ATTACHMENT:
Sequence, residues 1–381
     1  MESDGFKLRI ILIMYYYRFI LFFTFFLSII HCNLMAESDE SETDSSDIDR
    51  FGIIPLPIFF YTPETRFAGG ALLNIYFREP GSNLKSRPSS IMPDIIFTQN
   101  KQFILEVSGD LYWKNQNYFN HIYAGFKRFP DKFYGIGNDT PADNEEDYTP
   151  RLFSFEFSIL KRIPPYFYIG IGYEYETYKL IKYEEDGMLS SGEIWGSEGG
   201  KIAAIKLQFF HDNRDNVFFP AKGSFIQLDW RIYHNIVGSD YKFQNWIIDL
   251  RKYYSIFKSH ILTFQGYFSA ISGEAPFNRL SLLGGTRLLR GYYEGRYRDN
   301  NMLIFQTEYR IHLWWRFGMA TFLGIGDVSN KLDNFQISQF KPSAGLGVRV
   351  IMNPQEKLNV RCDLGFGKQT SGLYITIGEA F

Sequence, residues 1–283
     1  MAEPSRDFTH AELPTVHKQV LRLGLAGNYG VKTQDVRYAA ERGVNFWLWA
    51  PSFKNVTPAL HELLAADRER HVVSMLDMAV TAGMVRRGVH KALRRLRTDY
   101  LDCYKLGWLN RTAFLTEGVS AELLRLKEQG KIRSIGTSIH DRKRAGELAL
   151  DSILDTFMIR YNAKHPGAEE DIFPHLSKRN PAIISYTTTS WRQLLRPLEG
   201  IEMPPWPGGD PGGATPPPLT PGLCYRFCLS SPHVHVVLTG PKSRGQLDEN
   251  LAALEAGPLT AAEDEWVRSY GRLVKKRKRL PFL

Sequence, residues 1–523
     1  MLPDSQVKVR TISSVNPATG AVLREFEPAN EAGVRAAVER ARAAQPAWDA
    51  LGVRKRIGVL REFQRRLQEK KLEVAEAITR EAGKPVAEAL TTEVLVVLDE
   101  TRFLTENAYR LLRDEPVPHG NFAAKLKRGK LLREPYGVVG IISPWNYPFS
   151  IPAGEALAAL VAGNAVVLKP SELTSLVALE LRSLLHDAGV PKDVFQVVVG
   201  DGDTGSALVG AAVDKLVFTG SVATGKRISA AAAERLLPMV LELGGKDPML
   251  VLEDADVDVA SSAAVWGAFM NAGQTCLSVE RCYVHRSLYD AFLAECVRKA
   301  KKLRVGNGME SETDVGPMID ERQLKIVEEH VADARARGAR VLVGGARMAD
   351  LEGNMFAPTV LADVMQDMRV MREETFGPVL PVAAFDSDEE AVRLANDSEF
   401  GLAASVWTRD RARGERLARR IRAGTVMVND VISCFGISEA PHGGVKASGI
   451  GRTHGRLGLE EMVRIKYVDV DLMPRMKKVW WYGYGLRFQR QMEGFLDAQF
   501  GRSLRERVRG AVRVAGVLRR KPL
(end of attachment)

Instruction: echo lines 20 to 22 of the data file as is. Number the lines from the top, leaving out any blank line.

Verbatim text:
   101  TRFLTENAYR LLRDEPVPHG NFAAKLKRGK LLREPYGVVG IISPWNYPFS
   151  IPAGEALAAL VAGNAVVLKP SELTSLVALE LRSLLHDAGV PKDVFQVVVG
   201  DGDTGSALVG AAVDKLVFTG SVATGKRISA AAAERLLPMV LELGGKDPML